But because of Zichron’s connection to The Well-Known Benefactor, and the town’s crucial role in the story of Israeli immigration and wine production, it’s best to start with a visit to the First Aliyah Museum. In a handsome, historic building that once housed the offices of Rothschild’s representatives, Avital Efrat, museum director, said that the baron was considered the black sheep of the family when he was young. 

“Edmond was the grandson of the founder of the Rothschild fortune,” Efrat said, “but at university, he chose to study philosophy and art history rather than banking.” 

It wasn’t until the 1880s, she said — when Rothschild was in his late 30s — that he found his life’s purpose: He saw the human toll that pogroms inflicted and set about using his vast wealth to get Jews out of Russia and other parts of Eastern Europe.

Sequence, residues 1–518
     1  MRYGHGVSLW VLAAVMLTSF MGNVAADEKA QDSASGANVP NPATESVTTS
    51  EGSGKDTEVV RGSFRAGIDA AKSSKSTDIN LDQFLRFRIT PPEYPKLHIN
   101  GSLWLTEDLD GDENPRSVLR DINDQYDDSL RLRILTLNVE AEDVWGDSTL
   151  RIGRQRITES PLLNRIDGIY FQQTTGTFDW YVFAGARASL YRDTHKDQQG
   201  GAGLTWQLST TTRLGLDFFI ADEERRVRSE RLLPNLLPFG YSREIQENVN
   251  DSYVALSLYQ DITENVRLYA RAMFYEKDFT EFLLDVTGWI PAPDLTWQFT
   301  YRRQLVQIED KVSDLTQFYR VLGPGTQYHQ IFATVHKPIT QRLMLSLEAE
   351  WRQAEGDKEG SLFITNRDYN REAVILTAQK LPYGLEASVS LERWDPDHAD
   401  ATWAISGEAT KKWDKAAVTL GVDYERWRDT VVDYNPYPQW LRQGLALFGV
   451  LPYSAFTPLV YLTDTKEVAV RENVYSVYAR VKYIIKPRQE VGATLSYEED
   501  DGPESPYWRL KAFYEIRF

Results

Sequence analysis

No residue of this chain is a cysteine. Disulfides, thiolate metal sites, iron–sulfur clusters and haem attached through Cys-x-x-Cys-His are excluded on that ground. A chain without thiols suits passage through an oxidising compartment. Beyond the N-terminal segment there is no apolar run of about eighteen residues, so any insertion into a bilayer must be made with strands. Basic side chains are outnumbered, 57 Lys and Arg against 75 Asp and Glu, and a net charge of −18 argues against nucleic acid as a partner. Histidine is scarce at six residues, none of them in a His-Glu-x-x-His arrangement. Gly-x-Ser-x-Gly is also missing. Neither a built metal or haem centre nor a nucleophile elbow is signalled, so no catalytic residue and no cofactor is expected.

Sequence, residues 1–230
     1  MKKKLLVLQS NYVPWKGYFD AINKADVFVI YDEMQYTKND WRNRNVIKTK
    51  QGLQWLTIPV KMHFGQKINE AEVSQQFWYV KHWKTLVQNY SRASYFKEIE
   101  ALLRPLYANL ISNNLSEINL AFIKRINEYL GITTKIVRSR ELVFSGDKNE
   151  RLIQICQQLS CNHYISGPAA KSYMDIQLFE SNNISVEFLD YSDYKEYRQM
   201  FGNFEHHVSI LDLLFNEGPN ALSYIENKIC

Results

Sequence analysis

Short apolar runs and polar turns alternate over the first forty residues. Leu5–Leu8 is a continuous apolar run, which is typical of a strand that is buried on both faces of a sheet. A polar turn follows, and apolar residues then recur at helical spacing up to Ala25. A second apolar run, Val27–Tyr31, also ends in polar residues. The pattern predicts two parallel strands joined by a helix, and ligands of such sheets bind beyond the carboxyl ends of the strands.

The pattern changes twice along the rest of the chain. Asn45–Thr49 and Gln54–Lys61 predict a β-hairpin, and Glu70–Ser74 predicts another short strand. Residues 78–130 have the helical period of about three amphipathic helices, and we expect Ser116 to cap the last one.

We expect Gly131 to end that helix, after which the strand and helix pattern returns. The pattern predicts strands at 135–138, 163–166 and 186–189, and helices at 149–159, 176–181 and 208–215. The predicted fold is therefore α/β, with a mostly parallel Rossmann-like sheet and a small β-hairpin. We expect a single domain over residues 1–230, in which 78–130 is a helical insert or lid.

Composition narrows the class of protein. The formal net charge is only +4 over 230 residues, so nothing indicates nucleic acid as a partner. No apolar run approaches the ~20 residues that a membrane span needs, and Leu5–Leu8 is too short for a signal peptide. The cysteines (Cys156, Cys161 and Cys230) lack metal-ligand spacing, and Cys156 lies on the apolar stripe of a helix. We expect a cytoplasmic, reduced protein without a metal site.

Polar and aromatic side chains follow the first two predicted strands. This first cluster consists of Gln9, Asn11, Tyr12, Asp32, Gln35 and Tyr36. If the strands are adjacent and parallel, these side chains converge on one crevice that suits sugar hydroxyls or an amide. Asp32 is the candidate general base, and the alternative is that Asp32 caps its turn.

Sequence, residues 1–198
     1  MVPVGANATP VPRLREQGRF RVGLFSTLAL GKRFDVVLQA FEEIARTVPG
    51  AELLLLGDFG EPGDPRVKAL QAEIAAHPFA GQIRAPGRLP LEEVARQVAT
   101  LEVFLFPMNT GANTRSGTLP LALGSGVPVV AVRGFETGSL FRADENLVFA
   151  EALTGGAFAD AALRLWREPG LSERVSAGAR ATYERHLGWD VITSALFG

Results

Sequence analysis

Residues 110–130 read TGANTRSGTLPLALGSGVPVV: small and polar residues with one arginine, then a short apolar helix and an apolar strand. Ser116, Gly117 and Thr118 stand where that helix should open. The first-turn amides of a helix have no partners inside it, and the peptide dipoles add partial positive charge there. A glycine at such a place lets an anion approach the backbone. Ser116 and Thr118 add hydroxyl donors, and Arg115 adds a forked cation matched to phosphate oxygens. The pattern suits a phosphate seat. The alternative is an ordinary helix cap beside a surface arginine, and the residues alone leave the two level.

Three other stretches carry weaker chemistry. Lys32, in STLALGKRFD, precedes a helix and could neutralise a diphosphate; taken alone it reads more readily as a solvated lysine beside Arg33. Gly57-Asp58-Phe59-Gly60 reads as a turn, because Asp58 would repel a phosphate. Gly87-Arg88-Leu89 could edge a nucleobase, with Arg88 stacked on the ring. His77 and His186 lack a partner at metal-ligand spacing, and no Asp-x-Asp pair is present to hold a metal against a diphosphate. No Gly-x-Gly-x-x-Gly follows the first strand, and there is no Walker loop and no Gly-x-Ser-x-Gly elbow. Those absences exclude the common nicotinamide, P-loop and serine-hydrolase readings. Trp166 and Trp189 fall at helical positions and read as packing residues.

“The baron wanted to show that poor Jews, with financial support and guidance, could become self-sufficient,” Efrat said. “So he sent administrators here, when this area was still in the hands of the Ottoman Empire. Rothschild bankrolled the enterprise that turned the first wave of Jewish immigrants, the first aliyah, into farmers, and he sent experts to advise them. 

“It was hard at first for the pioneers of the first aliyah. There were struggles with the baron’s representatives, who were autocratic and wanted full control of land and crops. Besides, most of these Jews were new to farming and had to deal with the gap between their hopes and the harsh reality they found here. … 

“In the early years, they tried to grow many different crops, which often didn’t work out. … Rothschild’s representatives realized that Mediterranean terrain and climate lend themselves best to growing grapes.”